Hunt, Ernest (1878-1967)

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Hunt, Ernest (1878-1967)

Ernest Hunt, founder of the Western Buddhist Order and a leading figure in the introduction of Buddhism to non-Asian Americans, was born August 16, 1878, in Hoddesdon, Hertfordshire, England. He went to sea as a young man, but returned home and studied for the Anglican priesthood. As he was making preparation for his ordination, he converted to Buddhism. In 1915 he moved with his wife, Dorothy, to Hawaii (where Buddhism had its strongest presence in the West) and worked on a plantation. In the early 1920s he moved to the big island and began teaching classes in English for the children of Japanese plantation workers. His work was recognized in 1924 when he was ordained by the Honpa Hongwanji, the largest of the Buddhist groups operating in Hawaii.

In 1926, Hunt, in cooperation with the Bishop Yemyo Imamura, became head of the Honpa Hongwanji's English-language department. The school was originally established to serve Japanese youth, many of whom had begun to drop the Japanese language, but Hunt also used it to reach out to the Caucasian population and teach Buddhism. He wrote a book of Buddhist ceremonies in English, and Dorothy Hunt composed a number of poems that were adapted as hymns. By 1928 some 60 converts formed the Western Buddhist Order, a non-sectarian branch of Buddhism attached to the Honpa Hongwanji.

Hunt's ideal of a nonsectarian Buddhism found an ally in 1929 in the International Buddhist Institute founded by Chinese Buddhist abbot Tai Hsu. Tai Hsu came to Hawaii and convinced Hunt to found a branch of the institute. Hunt saw it as a perfect means of spreading his notion that the surest way to Nirvana was through metta, active goodwill. He was able to bring Buddhists of all persuasions together in the institute and set them to doing good deeds, from visiting the sick and imprisoned to building schools.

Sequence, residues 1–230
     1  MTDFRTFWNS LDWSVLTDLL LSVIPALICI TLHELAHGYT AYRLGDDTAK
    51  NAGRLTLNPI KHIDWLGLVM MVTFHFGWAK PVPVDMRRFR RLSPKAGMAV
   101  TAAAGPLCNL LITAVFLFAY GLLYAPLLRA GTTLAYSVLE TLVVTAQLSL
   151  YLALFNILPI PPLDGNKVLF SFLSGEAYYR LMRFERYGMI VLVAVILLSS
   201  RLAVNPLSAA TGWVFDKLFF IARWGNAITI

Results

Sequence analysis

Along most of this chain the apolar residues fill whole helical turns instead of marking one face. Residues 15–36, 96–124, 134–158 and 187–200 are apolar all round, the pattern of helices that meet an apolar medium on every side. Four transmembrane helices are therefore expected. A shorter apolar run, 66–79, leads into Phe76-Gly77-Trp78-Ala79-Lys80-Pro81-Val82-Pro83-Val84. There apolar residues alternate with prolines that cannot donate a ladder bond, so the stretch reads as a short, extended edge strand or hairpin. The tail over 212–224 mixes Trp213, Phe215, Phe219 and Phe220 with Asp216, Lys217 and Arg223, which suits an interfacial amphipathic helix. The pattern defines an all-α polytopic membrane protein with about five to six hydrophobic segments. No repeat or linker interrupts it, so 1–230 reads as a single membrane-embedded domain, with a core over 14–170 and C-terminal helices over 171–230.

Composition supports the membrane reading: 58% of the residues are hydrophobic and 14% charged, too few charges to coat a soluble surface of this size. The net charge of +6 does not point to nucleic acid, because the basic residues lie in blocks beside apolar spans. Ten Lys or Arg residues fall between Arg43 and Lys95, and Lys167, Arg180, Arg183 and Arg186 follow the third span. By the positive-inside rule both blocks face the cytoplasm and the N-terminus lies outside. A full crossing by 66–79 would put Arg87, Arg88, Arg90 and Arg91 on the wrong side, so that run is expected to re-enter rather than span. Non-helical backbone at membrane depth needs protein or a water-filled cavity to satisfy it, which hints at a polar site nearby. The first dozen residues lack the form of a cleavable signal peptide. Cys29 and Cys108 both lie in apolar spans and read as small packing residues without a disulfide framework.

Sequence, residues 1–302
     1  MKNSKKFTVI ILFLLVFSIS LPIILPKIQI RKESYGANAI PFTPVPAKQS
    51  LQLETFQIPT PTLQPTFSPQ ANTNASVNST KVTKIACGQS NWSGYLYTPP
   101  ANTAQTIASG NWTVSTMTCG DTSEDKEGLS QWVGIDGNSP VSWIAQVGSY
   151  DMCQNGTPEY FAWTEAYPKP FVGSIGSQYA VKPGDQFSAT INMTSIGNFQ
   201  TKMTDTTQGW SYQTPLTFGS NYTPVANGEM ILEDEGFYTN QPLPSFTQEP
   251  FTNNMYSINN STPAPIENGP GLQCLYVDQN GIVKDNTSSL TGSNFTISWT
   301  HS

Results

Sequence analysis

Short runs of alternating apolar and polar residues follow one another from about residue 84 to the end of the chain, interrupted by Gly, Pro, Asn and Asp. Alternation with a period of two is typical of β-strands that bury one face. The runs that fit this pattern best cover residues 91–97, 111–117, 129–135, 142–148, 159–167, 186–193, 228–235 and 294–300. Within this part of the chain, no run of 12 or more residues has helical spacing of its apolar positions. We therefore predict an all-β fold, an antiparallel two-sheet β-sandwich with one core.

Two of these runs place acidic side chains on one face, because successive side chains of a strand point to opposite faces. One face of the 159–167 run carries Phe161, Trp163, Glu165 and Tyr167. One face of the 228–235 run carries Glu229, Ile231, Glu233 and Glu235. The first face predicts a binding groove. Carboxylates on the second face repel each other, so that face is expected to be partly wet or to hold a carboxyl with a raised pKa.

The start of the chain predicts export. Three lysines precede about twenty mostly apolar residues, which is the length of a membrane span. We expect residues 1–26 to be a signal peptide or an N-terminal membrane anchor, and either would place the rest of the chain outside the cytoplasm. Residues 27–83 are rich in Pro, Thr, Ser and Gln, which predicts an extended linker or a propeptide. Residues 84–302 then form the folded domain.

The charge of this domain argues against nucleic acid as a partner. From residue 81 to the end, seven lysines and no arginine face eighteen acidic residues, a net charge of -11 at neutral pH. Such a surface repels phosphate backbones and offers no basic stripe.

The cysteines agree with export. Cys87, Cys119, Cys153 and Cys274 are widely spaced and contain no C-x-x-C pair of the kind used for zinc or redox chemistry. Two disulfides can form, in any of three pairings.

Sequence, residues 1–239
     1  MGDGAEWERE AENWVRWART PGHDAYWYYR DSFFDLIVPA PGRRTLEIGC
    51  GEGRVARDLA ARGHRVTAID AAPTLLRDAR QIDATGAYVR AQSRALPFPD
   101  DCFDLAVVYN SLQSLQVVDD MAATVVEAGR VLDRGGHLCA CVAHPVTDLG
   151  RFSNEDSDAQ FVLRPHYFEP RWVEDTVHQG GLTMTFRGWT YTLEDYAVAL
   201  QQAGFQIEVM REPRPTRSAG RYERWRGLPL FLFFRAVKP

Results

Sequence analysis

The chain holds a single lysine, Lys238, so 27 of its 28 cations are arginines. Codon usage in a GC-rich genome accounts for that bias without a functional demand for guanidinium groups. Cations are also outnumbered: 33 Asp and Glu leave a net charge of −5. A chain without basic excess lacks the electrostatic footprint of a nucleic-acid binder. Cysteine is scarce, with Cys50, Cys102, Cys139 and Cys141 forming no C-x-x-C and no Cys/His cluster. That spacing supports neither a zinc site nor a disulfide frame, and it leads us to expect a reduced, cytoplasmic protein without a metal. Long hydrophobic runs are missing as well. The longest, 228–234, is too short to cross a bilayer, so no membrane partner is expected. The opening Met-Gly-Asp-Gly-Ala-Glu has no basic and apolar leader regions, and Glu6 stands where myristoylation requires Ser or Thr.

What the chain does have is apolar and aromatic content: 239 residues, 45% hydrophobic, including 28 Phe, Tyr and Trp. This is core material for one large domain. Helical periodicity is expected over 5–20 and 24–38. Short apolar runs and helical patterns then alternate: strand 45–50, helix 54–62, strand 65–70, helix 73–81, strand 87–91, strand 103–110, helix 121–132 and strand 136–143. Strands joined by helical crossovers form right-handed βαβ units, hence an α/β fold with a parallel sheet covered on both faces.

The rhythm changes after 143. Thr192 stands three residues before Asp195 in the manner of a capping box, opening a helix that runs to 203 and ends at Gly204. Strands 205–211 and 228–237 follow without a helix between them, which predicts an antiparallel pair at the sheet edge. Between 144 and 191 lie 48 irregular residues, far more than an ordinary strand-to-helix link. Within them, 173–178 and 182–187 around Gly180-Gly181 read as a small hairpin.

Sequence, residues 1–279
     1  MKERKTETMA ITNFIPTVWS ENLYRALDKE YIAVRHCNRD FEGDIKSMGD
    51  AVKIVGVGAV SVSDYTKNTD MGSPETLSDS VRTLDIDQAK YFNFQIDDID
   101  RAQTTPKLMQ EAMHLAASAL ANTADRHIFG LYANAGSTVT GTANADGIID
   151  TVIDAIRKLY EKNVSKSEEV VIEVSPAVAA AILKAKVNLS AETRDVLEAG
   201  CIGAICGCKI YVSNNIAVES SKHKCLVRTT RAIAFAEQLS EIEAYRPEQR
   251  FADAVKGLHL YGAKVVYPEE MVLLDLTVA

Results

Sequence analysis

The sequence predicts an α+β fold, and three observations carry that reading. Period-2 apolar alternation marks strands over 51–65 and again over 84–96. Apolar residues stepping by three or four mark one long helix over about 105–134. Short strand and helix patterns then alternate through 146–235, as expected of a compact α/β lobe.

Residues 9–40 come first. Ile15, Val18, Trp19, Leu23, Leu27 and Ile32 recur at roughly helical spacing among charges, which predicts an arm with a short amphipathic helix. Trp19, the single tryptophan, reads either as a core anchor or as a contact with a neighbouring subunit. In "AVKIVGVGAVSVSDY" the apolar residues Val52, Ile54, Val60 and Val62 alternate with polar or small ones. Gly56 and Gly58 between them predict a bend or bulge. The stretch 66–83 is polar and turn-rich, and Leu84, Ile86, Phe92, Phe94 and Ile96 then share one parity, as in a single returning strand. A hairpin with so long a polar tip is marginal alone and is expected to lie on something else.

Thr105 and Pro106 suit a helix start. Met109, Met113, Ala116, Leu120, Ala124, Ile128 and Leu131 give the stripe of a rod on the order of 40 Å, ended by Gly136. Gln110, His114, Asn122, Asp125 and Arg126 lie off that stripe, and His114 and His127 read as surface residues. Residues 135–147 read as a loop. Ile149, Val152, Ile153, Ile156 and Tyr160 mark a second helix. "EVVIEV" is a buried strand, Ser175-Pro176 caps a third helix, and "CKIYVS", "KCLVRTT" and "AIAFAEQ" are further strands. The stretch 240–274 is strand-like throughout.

The late 1920s proved the period of Hunt's prime literary production, beginning with his often-reprinted pamphlet, An Outline of Buddhism: The Religion of Wisdom and Compassion. He edited four volumes of the Hawaiian Buddhist Annual as well as the institute's magazine, Navayana. All came to an end, however, in 1932 with the death of Bishop Imamura. His successor was both a strong sectarian Buddhist and a Japanese nationalist. He rejected Hunt's approach and in 1935 removed Hunt from the Honpa Hongwanji and disbanded the English department. Hunt moved his membership to the Soto Temple, a branch of the Japanese Zen Buddhist movement, and continued much as before. He was eventually ordained as a Soto priest (1953). He was also honored as the first Westerner to be given the title Osho, a rank acknowledging his accomplishments.

During the 1950s, Hunt produced his last two publications, Gleanings from Soto-Zen and Essentials and Symbols of the Buddhist Faith. He spent much time in his last years in the Soto Temple, where he greeted the increasing number of tourists who were coming to the islands. He died in Honolulu on February 7, 1967.

Sources:

Hunt, Ernest. Essentials and Symbols of the Buddhist Faith. Honolulu: The Author, 1955.

. Gleanings from Soto-Zen. Honolulu: The Author, 1953.

. An Outline of Buddhism. Honolulu: Hongwanji Buddhist Temple, 1929.

Hunter, Louise. Buddhism in Hawaii. Honolulu: University of Hawaii Press, 1971.

Peiris, William. The Western Contribution to Buddhism. Delhi, India: Motilal Banarsidass, 1953.